The orthodox conservative position at this point, it seems to me, is that waterboarding is not torture. Nor is having someone dangle from his shackled arms in a manner so painful as to prevent sleep for a period of days. What’s more, these non-torturous “harsh techniques” are highly effective at gathering intelligence. But if that’s true, and these are legal and effective means of securing reliable information, why are we doing so little of it?
After all, people doing organized crime investigations face a lot of challenges in terms of getting information from people. Maybe cops should do routine undercover drug buys, build a case against low level dealers, and then waterboard the guys they’ve arrested and move further up the food chain. Maybe waterboarding and “stress positions” should become routine treatment for battlefield detainees in Iraq and Afghanistan. Why not?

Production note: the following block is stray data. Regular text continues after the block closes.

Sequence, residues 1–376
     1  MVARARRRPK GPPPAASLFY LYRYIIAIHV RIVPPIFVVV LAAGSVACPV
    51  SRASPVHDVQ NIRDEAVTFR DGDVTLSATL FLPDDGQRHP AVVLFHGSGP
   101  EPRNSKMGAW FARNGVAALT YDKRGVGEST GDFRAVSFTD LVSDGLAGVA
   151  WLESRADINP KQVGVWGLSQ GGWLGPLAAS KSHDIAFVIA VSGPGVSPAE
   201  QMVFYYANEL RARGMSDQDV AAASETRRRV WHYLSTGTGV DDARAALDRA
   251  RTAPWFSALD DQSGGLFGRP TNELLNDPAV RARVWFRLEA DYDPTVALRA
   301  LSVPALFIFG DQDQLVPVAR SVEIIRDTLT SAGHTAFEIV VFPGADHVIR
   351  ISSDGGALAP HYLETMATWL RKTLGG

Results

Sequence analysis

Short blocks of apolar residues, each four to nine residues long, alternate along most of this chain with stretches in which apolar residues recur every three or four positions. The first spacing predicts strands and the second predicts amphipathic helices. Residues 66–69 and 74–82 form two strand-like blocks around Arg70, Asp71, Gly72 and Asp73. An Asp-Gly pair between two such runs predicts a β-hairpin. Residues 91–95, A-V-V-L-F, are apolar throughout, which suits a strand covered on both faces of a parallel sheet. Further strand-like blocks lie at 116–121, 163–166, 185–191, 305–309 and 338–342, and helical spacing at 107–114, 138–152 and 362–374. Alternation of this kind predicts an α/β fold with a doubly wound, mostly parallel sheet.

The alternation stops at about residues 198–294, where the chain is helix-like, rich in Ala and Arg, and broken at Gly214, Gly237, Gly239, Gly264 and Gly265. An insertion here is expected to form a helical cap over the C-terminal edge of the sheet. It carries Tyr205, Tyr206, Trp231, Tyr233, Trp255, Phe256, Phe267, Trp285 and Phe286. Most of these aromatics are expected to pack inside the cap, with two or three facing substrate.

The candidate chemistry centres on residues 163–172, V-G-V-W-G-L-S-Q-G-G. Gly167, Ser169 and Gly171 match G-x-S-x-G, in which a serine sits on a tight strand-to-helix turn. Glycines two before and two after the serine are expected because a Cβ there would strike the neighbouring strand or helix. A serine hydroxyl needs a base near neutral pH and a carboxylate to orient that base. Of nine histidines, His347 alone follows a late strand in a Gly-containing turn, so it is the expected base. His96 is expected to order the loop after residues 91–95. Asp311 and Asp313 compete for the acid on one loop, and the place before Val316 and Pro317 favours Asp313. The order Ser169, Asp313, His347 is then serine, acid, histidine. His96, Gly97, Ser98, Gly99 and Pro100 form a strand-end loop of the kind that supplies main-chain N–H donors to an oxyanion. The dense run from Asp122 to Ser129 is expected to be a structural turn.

Indeed, if one makes the argument that waterboarding is not torture, that it provides reliable information, and that authorizing this technique will not lead to abuses down the road, then shouldn't those who defend waterboarding be arguing for its extended application into the criminal justice system?
Digby weighs in:
I hope for their sakes that none of these Americans who think that torture should be "considered" ever find themselves in the grips of the legal system because allowing the government to ignore the constitution and disregard moral taboos against cruelty and barbarity can only logically lead to the same tactics being used at home.
If there is no further investigation of this terrible breach of American values and constitutional principles and this philosophy is allowed to become a mainstream, respectable way of thinking, we will have gone a long way toward making ourselves an elected dictatorship subject to the good intentions of our leaders. Personally, I'm not crazy about that idea. I've lived long enough now to know that even the best cannot be trusted with such power.